JFK’s blunt and bold challenge remains essential: all of us should be asking what we can do for our country. And then do it. President Obama showed what an ethical and principled White House could look like. Let’s remember as much and continue to seek high ethical conduct in the highest office of our land in 2024 and all the elections that follow.

While I had not run as a Democrat until my Congressional campaign in 2020 (my first four successful elections were nonpartisan … in junior high and high school), my Democratic Party involvement started in, of all places, a war zone. In 2003, I went to Iraq, which was an unnecessary war I opposed. While working for the U.S. State Department, I believed I might be able to help reduce violence and the risks to Iraqi civilians and U.S. troops, too many of whom ended up dead or wounded. Iraqi friends. Afghan friends. Marine friends. A red human tally: Abbas, Hamza, Najm, Kamal, Khudairi, Sami, Ibraheem, Qadir, Fassal, Jamal, Ryan, Nick, Trevor, Rick, Bill, RCH, among so many, many others.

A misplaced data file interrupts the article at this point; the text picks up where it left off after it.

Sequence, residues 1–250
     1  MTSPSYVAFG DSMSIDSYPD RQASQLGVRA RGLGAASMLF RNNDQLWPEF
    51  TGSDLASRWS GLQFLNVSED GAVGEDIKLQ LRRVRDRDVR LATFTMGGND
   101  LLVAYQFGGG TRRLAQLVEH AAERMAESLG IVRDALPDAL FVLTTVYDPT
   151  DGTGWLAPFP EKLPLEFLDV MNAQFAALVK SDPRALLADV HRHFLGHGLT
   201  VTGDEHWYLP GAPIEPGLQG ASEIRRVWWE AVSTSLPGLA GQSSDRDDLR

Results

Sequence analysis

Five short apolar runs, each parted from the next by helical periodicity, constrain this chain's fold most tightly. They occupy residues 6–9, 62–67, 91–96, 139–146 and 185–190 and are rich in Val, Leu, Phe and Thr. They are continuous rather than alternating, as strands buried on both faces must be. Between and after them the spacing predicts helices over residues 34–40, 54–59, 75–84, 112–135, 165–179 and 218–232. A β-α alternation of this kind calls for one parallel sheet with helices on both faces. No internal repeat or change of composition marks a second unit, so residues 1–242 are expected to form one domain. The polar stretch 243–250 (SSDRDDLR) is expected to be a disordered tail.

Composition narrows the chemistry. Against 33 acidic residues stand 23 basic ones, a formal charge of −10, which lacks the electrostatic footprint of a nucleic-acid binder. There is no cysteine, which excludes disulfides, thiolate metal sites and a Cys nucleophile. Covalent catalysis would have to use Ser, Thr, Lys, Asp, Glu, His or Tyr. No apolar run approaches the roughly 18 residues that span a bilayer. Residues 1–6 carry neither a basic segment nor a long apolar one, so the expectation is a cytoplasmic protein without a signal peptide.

While serving in Baghdad that year, I founded “Donkeys in the Desert” — the Iraq chapter of Democrats Abroad. And in summer 2004, I attended the Democratic National Convention in Boston, flying directly there from Fallujah while on leave. At that convention, a certain and mostly unknown senatorial candidate introduced himself: Barack Obama.

Barack Obama’s words to the 2004 convention still ring true:

“Well, I say to them tonight, there’s not a liberal America and a conservative America; there’s the United States of America.